don't you think engrams developed at 5-8 could be less than optimal due to a lack of height, with normal balls and affect their future strokes?
 

SystemicAnomaly

Talk Tennis Guru
Greg, you bring in old balls that we do use for the park and recreation classes.And to be honest, your balls account for a tiny percentage of balls we use for the recreational program. We replace our private lesson baskets about once every two weeks to a month and we put those into the ball machine.
I understand the Courtside Club also provides a lot of used balls. Found out last night that many of the used balls are used by Pleasanton and Walnut Creek programs as well.
.
 
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SystemicAnomaly

Talk Tennis Guru
The problem with small kids and conventional balls is that the bounce is too high for them to deal with in rallies -- chest high, head high and higher most of the time. The quickstart balls enables them to develop proper strokes with bounces that are waist high or lower more often than not.

I encourage young players and other developing players to use the heaviest racquet that they can control with proper stroke mechanics. I will hand feed easy balls at first -- both quickstart balls and regular tennis balls. However, when it comes to more challenging feeds or rallies, I will use the quickstart balls for young kids and other novices until they develop proper strokes on moderate bounces. Once mastered, they learn to deal with higher bouncing balls.


I think I have found my long lost twin! On the junior board I am about the last one not buying into the Quickstart nonsense as the savior for tennis.

My 6 year old, along with many other kids 5-8, are doing just fine with regular equipment when they are trained properly. Its about coaching, not the size of the equipment. Drills like you mentioned, hand fed drills, etc. Technique.

Quickstart will end up like everything else, getting kids to play pitty pat matches as young as possible for plastic trophies, instead of taking the time to teach them properly.
If it is done properly, it can possibly be a real positive for the development of tennis in the US. This type of program is not new at all. The Japanese have had soft tennis for nearly a century -- but not really as a vehicle for producing elite tennis players. In Europe, however, it has been used for several decades as a tool for developing high level players. In some areas of Europe, it is referred to a mini-tennis (not to be confused with the short court warm-up that many of us do here).

A couple of years back, I came across a video interview of Martina Navratilova promoting QuickStart tennis. She had indicated that Justine Henin and Kim Clijsters developed thru this sort of program. Tennis 10s is a program in the US that uses quickstart tennis balls. It is being promoted by Federer, Nadal, Stosur, Jankovic, Verdasco, Radwanska, Alona Bondarenko, Li Na, McEnroe and others.

http://www.youtube.com/watch?v=us3ENfevCKQ

http://www.youtube.com/watch?v=0hcJbBtsvrU

.
 
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BMC9670

Hall of Fame
time to blow me tennis nerd
Ya know what... this guy has got to go. Take a wander through his posting history. It's filled with expletives, negativity, sarcasm, and very little useful contribution. Most of us are here to be constructive and improve. Sure, we get into heated debates, but his guy just throws grenades into just about every topic he posts in.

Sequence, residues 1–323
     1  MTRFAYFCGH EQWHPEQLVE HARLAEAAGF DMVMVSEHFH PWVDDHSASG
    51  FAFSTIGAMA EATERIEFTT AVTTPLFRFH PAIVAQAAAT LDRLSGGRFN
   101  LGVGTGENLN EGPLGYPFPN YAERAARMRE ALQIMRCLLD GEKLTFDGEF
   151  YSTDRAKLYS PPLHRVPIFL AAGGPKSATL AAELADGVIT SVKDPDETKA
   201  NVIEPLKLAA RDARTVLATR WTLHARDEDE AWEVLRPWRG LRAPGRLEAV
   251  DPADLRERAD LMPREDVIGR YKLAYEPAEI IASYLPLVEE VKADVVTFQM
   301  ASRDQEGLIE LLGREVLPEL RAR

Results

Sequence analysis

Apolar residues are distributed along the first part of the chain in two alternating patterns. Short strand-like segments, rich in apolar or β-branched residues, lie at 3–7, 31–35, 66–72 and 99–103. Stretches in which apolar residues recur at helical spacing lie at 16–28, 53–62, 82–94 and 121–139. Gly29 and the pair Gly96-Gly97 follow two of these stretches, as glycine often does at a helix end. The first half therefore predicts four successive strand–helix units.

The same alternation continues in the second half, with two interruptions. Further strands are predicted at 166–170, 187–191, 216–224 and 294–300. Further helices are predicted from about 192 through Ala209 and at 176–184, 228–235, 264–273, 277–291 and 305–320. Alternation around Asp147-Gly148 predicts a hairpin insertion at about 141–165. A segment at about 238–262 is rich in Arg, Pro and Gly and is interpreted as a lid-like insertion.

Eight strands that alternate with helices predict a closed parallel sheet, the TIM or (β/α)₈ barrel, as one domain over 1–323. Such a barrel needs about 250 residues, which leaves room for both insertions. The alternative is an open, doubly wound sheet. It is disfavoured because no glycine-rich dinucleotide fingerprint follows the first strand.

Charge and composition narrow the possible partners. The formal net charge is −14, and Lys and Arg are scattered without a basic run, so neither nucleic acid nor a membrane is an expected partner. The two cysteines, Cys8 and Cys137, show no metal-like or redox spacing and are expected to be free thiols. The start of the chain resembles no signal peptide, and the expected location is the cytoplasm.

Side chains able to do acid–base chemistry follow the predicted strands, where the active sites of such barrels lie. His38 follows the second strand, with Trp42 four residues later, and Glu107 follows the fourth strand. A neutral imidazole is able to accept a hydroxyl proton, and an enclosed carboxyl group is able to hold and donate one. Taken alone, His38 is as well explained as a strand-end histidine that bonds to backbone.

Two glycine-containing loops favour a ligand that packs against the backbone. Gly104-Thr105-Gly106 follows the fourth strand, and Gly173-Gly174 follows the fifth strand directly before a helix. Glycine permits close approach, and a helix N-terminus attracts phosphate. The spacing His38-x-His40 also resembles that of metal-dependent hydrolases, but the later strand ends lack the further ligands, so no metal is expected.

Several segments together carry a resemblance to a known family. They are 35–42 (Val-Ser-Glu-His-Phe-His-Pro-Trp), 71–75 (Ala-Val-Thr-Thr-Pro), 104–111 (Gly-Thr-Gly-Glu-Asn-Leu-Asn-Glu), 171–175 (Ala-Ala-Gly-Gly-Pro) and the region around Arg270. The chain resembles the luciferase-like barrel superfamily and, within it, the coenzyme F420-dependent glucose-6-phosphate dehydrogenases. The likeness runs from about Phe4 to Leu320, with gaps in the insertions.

Mods, consider a ban, please.
 

SystemicAnomaly

Talk Tennis Guru
Ya know what... this guy has got to go. Take a wander through his posting history. It's filled with expletives, negativity, sarcasm, and very little useful contribution. Most of us are here to be constructive and improve. Sure, we get into heated debates, but his guy just throws grenades into just about every topic he posts in.

Mods, consider a ban, please.
Yeah, surprised he's still around. (Edit -- wow, I missed it as well)
.
 
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ci2ca

Semi-Pro
The problem with small kids and conventional balls is that the bounce is too high for them to deal with in rallies -- chest high, head high and higher most of the time. The quickstart balls enables them to develop proper strokes with bounces that are waist high or lower more often than not.

I encourage young players and other developing players to use the heaviest racquet that they can control with proper stroke mechanics. I will hand feed easy balls at first -- both quickstart balls and regular tennis balls. However, when it comes to more challenging feeds or rallies, I will use the quickstart balls for young kids and other novices until they develop proper strokes on moderate bounces. Once mastered, they learn to deal with higher bouncing balls.




If it is done properly, it can possibly be a real positive for the development of tennis in the US. This type of program is not new at all. The Japanese have had soft tennis for nearly a century -- but not really as a vehicle for producing elite tennis players. In Europe, however, it has been used for several decades as a tool for developing high level players. In some areas of Europe, it is referred to a mini-tennis (not to be confused with the short court warm-up that many of us do here).

A couple of years back, I came across a video interview of Martina Navratilova promoting QuickStart tennis. She had indicated that Justine Henin and Kim Clijsters developed thru this sort of program. Tennis 10s is a program in the US that uses quickstart tennis balls. It is being promoted by Federer, Nadal, Stosur, Jankovic, Verdasco, Radwanska, Alona Bondarenko, Li Na, McEnroe and others.

http://www.youtube.com/watch?v=us3ENfevCKQ

http://www.youtube.com/watch?v=0hcJbBtsvrU

.
Quick start does have it's pluses for young players who have already defined strokes and mechanics, so it's good for point construction.